‘US, France hardly to lobby for India`s UNSC bid’

Updated: Dec 11, 2010, 10:11 AM IST

India got a boost with the US and France’s support for a permanent seat at the UNSC. However, will this ‘support’ materialise and turn the tide in India’s favour or will it be just another rhetorical promise for many decades? That’s certainly a wait and watch game for New Delhi.

With India’s growing economic clout, time has arrived to pressurise other nations to get the best deal out. But given India’s soft stand on strategic/diplomatic issues, it seems a far cry from reality.

G Parthasarthy, India’s former High Commissioner and an authority on foreign affairs, shared his views with Biplob Ghosal of Zeenews.com on the Indo-France talks as well as other wide ranging strategic issues.

Biplob: Both the US and France have openly supported India for a permanent seat at the UNSC. Are these statements just an ego massage for New Delhi or do the big powers really mean business?

Parthasarthy: I do not think we should not believe that statements of support from the US and France will translate into our getting permanent membership of the Security Council anytime soon. China has made it clear that it does not favour expansion in Permanent Membership and even suggested to the Americans that such expansion is neither in its interests nor in the interests of the US. Moreover, there is no consensus in Africa about which two African countries will represent the continent in an expanded Security Council.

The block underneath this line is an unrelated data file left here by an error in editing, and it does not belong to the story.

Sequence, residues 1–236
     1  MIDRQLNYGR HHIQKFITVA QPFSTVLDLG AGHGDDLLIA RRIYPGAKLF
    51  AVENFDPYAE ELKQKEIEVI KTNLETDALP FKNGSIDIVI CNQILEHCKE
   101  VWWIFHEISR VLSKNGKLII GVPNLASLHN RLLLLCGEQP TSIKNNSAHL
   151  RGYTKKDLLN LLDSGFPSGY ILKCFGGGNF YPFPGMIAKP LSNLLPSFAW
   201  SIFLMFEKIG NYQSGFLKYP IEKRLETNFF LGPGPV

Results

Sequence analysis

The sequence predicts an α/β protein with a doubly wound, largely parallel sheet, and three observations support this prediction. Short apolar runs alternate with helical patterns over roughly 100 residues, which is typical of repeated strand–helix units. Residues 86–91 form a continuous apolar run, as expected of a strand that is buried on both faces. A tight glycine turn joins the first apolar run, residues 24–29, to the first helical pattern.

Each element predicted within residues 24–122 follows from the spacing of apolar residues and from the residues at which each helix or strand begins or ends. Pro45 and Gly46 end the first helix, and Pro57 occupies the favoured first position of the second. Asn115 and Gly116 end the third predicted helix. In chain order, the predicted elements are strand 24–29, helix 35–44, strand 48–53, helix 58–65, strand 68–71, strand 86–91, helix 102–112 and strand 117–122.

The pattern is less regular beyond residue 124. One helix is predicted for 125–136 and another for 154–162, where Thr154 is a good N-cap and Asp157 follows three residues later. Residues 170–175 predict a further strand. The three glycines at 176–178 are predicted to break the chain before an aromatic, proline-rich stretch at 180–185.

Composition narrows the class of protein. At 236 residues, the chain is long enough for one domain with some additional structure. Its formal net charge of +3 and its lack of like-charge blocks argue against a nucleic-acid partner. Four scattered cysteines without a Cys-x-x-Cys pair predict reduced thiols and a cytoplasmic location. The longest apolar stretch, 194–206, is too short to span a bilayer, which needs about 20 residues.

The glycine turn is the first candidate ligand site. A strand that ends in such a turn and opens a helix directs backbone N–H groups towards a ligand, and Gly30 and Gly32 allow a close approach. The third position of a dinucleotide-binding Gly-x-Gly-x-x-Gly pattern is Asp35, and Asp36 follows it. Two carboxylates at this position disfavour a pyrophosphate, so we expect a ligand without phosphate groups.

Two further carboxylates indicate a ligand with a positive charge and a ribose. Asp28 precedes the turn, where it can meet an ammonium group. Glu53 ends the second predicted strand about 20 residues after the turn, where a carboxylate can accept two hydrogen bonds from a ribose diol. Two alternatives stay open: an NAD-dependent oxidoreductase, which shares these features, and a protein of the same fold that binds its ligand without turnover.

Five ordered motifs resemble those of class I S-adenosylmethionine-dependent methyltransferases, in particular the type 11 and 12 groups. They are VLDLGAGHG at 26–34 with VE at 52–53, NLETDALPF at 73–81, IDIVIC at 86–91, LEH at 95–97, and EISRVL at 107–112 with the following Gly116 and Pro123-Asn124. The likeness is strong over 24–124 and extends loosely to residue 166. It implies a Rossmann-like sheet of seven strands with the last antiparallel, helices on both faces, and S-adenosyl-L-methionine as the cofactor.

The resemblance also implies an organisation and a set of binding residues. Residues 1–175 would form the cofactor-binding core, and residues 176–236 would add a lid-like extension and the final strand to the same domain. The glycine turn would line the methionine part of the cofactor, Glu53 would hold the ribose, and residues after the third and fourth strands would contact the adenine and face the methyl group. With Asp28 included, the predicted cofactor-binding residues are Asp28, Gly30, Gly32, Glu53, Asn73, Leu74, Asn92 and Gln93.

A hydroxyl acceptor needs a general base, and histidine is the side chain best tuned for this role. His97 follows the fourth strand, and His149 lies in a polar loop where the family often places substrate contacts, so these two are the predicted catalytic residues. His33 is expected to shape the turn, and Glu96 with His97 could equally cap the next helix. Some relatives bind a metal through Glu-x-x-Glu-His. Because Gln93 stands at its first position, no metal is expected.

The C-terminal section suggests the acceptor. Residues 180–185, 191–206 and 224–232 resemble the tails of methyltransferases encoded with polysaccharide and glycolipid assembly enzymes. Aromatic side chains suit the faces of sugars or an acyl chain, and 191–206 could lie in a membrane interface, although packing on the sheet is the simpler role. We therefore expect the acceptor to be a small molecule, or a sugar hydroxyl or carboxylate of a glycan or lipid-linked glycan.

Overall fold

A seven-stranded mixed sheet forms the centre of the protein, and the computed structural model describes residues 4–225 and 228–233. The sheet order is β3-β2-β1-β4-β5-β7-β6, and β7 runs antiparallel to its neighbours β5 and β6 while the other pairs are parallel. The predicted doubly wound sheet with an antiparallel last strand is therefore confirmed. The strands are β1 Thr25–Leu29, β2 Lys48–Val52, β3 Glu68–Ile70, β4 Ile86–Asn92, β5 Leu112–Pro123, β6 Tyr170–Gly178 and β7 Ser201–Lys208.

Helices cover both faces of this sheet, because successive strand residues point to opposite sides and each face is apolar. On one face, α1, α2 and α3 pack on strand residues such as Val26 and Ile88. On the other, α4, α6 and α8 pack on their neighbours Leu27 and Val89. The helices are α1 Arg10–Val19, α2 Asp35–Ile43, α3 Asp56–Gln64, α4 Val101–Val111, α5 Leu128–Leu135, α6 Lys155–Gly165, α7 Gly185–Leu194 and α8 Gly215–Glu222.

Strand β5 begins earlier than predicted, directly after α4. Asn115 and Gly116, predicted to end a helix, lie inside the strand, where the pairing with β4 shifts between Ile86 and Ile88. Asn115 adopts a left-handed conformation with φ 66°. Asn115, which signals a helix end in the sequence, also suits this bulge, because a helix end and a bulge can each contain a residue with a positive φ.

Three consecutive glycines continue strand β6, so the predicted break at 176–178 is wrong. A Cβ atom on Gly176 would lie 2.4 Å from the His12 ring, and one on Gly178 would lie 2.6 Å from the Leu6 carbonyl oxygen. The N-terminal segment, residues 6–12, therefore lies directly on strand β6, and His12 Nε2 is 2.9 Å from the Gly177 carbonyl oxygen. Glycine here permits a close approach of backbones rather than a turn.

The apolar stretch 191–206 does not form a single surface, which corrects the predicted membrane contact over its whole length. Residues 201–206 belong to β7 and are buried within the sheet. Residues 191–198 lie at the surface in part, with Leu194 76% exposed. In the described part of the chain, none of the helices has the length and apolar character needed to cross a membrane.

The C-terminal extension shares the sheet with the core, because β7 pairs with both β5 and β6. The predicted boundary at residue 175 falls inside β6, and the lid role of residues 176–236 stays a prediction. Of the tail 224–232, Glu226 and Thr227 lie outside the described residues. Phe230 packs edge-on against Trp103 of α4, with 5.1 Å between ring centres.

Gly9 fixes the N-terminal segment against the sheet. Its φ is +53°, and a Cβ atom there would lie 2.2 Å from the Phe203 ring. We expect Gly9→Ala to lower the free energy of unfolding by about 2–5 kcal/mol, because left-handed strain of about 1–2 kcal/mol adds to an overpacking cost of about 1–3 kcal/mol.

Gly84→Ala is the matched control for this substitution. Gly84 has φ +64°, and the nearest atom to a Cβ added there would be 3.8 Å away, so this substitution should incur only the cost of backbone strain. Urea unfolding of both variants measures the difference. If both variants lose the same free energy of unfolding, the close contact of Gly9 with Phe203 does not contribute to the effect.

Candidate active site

It is hardly likely that in these circumstances either France or the US will lobby strongly in the Security Council in India’s favour till there is consensus on issues like how many new permanent members are to be inducted and what is to be the size of a reconstituted UN Security Council. Despite these complications, one cannot but welcome what Presidents Obama and Sarkozy have recently said, because these statements signal their recognition of the positive role that India can play globally.

Biplob: This is probably the first time in history when the West needs India as much – if not more – as we need them. Do you agree with this observation? If yes, then what needs to be done to leverage this position to our advantage?

Parthasarthy: I think that for different reasons, India and the West need each other equally in the current world scenario. We need to be a lot more proactive on issues of regional stability and security not only in South Asia, but across the Asia-Pacific and even in the Gulf and Central Asian Regions. India has to emerge as the key player for stability and security in the Indian Ocean Region for it to win wider international respect.

Biplob: How do you view France’s stand on Pakistan Vis-à-vis terrorism? Can India expect any tangible and resolute action from the international community in order to eliminate threats from individuals and organisations propagating terrorism from the soil of Pakistan?

Parthasarthy: We will get voices of sympathy on problems of terrorism that we face. But in an ultimate analysis, even God cannot help those who will not or cannot help themselves.

Biplob: With heads of government of major world powers visiting India this year, do you agree with the US President’s statement that "India is not emerging; India has emerged”?

Parthasarthy: The US President’s statement is welcome, but we should not get carried away. How can we honestly claim to have “emerged” when hundreds of millions of our people live below the poverty line and we are now widely regarded as being a country afflicted by corruption and maladministration?